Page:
By Steve Powell, director of sales at PCMS
The latest UK Customer Satisfaction Index, published earlier in the year by The Institute of Customer Service (ICS), showed the best performing organisations respond quickly to consumer queries and get things right first time.
Although it's a non-retail-specific compilation of UK organisations, spanning sectors such as telecoms, transport and media, Amazon topped the list and Superdrug, John Lewis, Wilko, Waitrose and Greggs make the top 12. It was an encouraging indictment of the retail industry's efforts to put the shopper at the heart of everything they do.
Jo Causon, CEO of the ICS, said that even though there may be a temptation to hold back service investment in economically uncertain times, there's no denying that when customer satisfaction is maintained "organisations will see a direct link to turnover growth, profitability and productivity". Specifically, in retail, I agree wholeheartedly that businesses need to be addressing consumer bugbears across all sales channels to keep satisfaction levels high and money ringing through tills.
But if retailers are going to address the bugbears and keep consumers happy, they need to know what they are thinking. We recently conducted research for our latest report, Navigating Modern Retail, that gets right to the heart of the matter – and it highlights seven things that really upset digitally-engaged shoppers. Let's take a look:
1. Unsolicited communications
While shoppers are becoming more accepting of retailers marrying online and offline habits to make automated recommendations digitally, only limited numbers want to receive an SMS message (11%) or an email (9%) detailing general marketing information.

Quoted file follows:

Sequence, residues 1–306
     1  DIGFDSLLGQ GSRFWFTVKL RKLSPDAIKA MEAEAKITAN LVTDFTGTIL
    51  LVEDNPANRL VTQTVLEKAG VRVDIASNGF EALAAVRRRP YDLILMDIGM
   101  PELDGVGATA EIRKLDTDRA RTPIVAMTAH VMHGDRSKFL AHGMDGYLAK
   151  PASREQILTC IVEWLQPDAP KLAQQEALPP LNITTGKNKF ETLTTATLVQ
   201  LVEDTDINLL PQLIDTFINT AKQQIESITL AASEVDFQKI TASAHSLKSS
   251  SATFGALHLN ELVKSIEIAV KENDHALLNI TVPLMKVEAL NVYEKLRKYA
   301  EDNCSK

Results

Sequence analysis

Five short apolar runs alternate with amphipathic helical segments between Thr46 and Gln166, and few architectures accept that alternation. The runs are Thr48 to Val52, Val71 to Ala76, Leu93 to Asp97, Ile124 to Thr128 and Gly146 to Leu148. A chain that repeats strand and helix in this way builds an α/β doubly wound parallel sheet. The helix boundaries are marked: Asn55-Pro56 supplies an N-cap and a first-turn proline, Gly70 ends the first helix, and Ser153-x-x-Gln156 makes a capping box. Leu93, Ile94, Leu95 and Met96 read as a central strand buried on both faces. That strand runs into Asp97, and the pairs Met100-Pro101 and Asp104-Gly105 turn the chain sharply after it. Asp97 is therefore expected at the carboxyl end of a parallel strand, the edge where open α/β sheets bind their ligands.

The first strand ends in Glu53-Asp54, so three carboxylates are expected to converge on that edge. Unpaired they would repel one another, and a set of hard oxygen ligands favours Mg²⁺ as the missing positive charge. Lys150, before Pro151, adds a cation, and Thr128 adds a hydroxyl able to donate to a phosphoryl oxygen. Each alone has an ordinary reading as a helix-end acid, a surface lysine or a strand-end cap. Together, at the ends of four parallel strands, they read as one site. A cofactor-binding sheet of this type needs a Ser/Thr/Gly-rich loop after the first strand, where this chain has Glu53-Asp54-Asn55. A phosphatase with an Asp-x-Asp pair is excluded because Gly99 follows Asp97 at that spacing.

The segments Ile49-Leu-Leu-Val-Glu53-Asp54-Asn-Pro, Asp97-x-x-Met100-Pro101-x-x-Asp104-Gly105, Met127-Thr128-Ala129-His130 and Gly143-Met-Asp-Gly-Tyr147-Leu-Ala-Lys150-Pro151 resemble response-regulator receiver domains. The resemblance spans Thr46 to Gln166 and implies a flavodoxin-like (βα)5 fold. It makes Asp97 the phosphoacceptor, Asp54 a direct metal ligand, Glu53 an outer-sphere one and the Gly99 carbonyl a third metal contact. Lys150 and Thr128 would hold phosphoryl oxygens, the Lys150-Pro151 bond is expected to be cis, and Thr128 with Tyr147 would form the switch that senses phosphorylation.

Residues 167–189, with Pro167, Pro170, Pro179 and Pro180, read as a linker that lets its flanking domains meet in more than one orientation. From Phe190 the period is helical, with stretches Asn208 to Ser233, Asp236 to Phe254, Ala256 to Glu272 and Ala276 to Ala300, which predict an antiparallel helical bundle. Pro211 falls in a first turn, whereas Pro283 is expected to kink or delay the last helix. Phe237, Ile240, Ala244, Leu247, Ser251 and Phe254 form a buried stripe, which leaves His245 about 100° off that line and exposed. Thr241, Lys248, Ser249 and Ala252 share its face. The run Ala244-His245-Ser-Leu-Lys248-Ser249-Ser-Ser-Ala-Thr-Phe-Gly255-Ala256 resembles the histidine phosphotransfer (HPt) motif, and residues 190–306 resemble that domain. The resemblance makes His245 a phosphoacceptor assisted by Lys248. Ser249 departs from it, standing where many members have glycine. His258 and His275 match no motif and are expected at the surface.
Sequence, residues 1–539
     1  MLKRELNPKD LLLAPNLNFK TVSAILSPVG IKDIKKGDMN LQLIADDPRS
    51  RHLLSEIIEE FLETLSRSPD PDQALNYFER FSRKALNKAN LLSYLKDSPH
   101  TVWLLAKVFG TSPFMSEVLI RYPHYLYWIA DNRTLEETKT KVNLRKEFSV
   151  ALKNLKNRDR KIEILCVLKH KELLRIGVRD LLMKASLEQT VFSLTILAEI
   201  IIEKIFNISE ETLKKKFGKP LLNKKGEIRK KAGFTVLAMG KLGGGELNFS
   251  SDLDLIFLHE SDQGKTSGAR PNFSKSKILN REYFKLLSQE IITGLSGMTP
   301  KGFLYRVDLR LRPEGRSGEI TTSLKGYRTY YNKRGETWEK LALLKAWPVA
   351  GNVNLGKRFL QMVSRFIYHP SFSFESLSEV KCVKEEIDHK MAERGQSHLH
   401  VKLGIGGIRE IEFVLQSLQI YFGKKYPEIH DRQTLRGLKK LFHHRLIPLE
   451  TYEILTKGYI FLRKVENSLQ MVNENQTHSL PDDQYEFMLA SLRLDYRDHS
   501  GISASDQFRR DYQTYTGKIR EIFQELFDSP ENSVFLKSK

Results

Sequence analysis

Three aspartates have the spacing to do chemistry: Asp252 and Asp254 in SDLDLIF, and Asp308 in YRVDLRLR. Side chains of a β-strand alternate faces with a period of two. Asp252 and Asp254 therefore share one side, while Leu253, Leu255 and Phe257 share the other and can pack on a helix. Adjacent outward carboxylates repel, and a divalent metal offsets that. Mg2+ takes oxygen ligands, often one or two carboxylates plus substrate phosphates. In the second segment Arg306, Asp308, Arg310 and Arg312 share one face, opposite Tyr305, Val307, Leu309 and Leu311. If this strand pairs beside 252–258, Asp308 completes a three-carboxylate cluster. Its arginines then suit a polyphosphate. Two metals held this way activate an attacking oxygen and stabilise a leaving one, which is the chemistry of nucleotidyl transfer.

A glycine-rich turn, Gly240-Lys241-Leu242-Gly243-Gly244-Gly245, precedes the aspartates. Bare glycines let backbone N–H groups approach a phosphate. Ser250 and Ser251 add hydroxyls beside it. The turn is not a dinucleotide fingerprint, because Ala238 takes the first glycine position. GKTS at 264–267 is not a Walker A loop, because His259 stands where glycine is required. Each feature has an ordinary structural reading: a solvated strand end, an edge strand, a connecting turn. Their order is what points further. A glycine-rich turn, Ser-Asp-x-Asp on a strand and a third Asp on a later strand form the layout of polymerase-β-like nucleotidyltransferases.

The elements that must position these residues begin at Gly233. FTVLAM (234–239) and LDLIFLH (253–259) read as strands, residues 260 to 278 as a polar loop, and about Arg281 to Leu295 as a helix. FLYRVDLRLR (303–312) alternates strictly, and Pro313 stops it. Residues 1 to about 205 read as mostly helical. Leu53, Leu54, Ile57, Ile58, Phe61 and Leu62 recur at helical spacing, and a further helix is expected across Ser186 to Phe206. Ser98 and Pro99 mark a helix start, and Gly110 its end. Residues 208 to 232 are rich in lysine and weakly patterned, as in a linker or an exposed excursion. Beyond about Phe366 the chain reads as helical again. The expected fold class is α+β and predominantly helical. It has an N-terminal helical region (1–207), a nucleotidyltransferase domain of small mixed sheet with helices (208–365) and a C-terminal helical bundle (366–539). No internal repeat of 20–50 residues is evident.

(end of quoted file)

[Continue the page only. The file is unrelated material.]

2. Price inconsistency between online and stores
Two-fifths of shoppers surveyed in the research said that a major frustration of theirs is when online and in-store pricing doesn't match up. If there's a discount deal in-store, it needs to be offered online too, they say.
3. Product location problems
As consumers increasingly adopt an omnichannel approach to shopping – including researching online, and seeking advice in-store – 35% of them are dissatisfied when they can't see whether an out-of-stock product online is available in their local store.
4. Lack of inventory manoeuvrability
Almost a third of respondents said they want better access to ordering goods online or from a neighbouring store if the product they want is not available where they are. As a result, there is a growing expectation that store staff will have the equipment and technology to allow this to happen.
5. Ads for products they've already bought
A lack of joined-up thinking in retail can lead to businesses promoting products to customers who have already bought them. 21% of shoppers are fed up of receiving this type of messaging.
6. Specialist shop omnichannel capability
While grocers and fashion retailers were typically viewed as having the best joined-up services in retail, specialist shops such as bookstores and mobile phone providers ranked lowly.
7. Limited loyalty
Some 40% of consumers said they want to be able to use their loyalty cards agnostically across a retailer's stores and online operations. It's not always the case that retailers provide this function.
So, there you have it: seven deadly sins where retailers are guilty of not giving shoppers what they want.
Basically, the key message I took from this research – and which was supported by the UK Customer Satisfaction Index earlier in the year – is businesses operating across various sectors should never stop striving to deliver compelling, joined-up services because that and omnichannel consistency is what keeps driving customers back.
In retail, as it navigates its way through a tricky period of reinvention and restructure, in economically uncertain times, there's surely no alternative way of thinking.